Everyone experiences nerves and anxiety from time to time, whether it’s before an important exam, a tense sporting event, a job interview or — and it seems this is almost everyone’s greatest fear — having to speak in public. You know the symptoms: excessive worry or fear accompanied by shortness of breath, heart palpitations, and chills or hot flushes often with profuse sweating. If these symptoms escalate into a full-blown panic attack, you may feel like you are going to pass out or even pass away!
Most of the time nervousness and its accompanying symptoms are mild and last only a few minutes. They’re usually manageable with a few deep breaths and some reassuring self talk. However, in as much as 10 percent of the population, attacks of anxiety can be disabling and lead one to avoid future similar situations that may trigger an attack. Some people stay home to avoid potentially embarrassing situations, refuse to attend parties or take public transportation and forego any circumstance from which escape may be embarrassing or impossible (this avoidance behavior is called agoraphobia).
Fortunately, anxiety in almost any form can be effectively managed with lifestyle adjustments, psychotherapy and/or medication.
What are different forms of anxiety?
Anxiety, when it becomes more than just the usual nervousness we all feel from time to time, can be defined as a misinterpretation of thoughts, feelings or events that can lead to an uncontrollable vicious cycle: fear generates symptoms that in turn increase the fear which increases the symptoms, and so on.
Severe anxiety shows up in comes in a variety of forms, including:
- Panic attacks, which are acute and severe incidents of anxiety. If you get them often, you may have what is called panic disorder
- Generalized anxiety disorder, in which excessive anxiety and symptoms persist for months or even years
- Social anxiety disorder, in which everyday social interactions can trigger anxiety
- Post-traumatic stress disorder (PTSD), in which recurrent anxiety is triggered by a traumatic event
- Specific phobias, such as a fear of crowds, heights, etc
- Obsessive-compulsive disorder, associated with highly distressing intrusive thoughts and recurrent physical or mental activities driven by the obsessions (e.g. excessive hand-washing due to a fear of germs, or avoiding driving over bridges due to a fear of heights)
What causes anxiety?
We really don’t understand what causes most kinds of anxiety. The one exception is in clear-cut cases when trauma, such as being exposed to violence or an auto accident, triggers PTSD. Most of other anxiety disorders appear in the late teenage or early adult years. Each of the types of anxiety is quite common; e.g. about 10 percent of the adult population has a specific phobia, as many as 3 percent have generalized anxiety disorder, and 1 to 2 percent have obsessive-compulsive disorder.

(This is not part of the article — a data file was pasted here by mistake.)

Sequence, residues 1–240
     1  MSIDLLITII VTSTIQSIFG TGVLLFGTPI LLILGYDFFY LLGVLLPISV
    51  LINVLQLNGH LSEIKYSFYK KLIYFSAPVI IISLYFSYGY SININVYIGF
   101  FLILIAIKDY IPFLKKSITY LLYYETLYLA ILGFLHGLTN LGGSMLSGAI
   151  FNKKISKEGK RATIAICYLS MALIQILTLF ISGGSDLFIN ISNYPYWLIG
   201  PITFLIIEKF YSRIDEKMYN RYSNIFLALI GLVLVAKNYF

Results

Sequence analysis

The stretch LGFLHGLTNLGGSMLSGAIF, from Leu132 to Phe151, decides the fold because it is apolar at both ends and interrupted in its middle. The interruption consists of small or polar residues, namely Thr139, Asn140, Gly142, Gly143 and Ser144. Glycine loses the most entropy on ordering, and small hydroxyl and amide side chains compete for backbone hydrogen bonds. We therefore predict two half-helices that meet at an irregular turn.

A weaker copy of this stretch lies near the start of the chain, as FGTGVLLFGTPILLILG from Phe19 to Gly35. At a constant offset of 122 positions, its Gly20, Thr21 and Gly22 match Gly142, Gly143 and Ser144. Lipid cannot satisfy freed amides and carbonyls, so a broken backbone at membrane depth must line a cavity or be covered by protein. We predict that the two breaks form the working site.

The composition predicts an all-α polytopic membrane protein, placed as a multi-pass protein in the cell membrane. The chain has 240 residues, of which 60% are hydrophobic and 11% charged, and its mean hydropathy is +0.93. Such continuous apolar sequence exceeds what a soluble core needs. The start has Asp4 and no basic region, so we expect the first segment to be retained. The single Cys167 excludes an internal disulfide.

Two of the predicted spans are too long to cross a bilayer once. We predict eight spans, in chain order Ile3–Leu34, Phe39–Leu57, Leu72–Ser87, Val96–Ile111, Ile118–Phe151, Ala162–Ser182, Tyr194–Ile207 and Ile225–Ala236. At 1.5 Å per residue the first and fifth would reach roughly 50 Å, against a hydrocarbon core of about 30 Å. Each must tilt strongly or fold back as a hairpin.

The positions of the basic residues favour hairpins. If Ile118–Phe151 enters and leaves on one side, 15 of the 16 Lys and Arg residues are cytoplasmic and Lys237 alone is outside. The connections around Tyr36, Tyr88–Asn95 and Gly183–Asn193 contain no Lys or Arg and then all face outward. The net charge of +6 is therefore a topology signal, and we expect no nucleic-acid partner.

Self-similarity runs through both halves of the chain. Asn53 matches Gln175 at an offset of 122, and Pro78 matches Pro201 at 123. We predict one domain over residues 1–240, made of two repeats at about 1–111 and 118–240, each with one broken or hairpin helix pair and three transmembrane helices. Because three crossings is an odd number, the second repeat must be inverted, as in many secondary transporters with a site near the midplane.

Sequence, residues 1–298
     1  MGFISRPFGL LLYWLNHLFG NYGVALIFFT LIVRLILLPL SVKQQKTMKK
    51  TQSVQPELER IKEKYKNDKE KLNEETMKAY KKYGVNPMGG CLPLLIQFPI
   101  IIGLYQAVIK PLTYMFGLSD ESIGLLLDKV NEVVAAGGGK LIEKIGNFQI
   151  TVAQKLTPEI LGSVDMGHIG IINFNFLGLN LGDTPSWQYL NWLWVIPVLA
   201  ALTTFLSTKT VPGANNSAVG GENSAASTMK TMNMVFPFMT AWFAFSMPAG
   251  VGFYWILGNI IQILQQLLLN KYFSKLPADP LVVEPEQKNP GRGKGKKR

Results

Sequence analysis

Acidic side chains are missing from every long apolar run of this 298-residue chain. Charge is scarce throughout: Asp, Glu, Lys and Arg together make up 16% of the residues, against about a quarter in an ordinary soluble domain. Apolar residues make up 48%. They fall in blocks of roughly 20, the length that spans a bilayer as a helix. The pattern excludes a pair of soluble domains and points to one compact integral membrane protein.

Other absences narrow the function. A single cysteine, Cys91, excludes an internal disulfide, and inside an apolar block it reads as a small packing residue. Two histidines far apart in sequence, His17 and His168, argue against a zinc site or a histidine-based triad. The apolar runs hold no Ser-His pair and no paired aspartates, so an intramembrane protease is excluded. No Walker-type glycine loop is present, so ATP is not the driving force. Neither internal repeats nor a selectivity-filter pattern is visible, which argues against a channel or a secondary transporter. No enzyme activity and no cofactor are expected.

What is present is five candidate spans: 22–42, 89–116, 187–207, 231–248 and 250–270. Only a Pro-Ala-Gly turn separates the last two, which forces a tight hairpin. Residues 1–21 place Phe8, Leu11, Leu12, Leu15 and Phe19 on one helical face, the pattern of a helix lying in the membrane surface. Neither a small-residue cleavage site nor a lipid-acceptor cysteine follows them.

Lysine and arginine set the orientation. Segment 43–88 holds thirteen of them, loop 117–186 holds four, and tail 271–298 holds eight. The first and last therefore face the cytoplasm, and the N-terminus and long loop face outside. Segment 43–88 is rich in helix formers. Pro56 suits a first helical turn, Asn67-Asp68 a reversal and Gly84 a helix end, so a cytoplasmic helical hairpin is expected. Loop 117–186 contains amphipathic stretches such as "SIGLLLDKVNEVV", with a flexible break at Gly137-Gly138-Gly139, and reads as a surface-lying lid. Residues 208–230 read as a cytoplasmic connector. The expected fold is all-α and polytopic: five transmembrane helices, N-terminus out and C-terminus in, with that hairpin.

How is anxiety diagnosed?
If you’re bothered by excessive anxiety, see your health care provider. A careful history, often accompanied by a simple questionnaire, will usually reveal the precise diagnosis and direct therapy tailored to your problem. How do you know if your anxiety is excessive and not just the usual anxiety that life in our stressful world can engender? Whatever your symptoms, if you find that your anxiety is interfering with your enjoyment of life, and especially if it is leading you to avoid situations that your family life, work life, school life, etc. require, then it’s a good idea to seek medical help.
What are the treatments for anxiety?
Treatment for anxiety may include lifestyle changes, talk therapy and medication.
The type of psychotherapy best proven to help with anxiety is called cognitive behavioral therapy (CBT). In this type of therapy, you learn how to recognize inappropriate thoughts and fears and how to stop them in their tracks before they lead to disabling panic. Most people see benefit with just 10 to 15 sessions, each lasting about an hour.
The medications that are most often recommended to take on a daily basis to prevent anxiety are in two main groups: the selective serotonin reuptake inhibitors (SSRI’s, such as escitalopram or sertraline) or the selective serotonin/norepinephrine reuptake inhibitors (SNRI’s, such as venlafaxine). These medications are often effective in smaller doses than those used to treat depression. The benzodiazepines (e.g. lorazepam or clonazepam) can be extremely effective taken as needed to abort acute anxiety, but should not be taken often or regularly because of a high risk of addiction and their loss of effectiveness over time if taken on a regular basis. For some people, they can be given initially for a few weeks to control symptoms while waiting for the SSRI to kick in, which can take several weeks. A combination of both psychotherapy and medication may be the most effective intervention.
Leading a healthy lifestyle — meaning eating a balanced diet, getting enough sleep and exercise, and limiting use of alcohol — can also lessen the impact of anxiety on your life. Learning how to use deep abdominal breathing to control anxiety, as well as pursuing other methods that encourage a sense of calm and focus, such as yoga or meditation, can have profound benefits that get stronger the more you do them. Getting a good night’s sleep is also helpful. Exercise has been shown to reduce anxiety as well, creating new nerve cells in the brain that quiet other nerve cells responsible for the fear and physical symptoms of anxiety.
In Your Guide to Managing Anxiety, let’s talk about ways to keep your anxiety in check and CBT techniques that can help you managing it.
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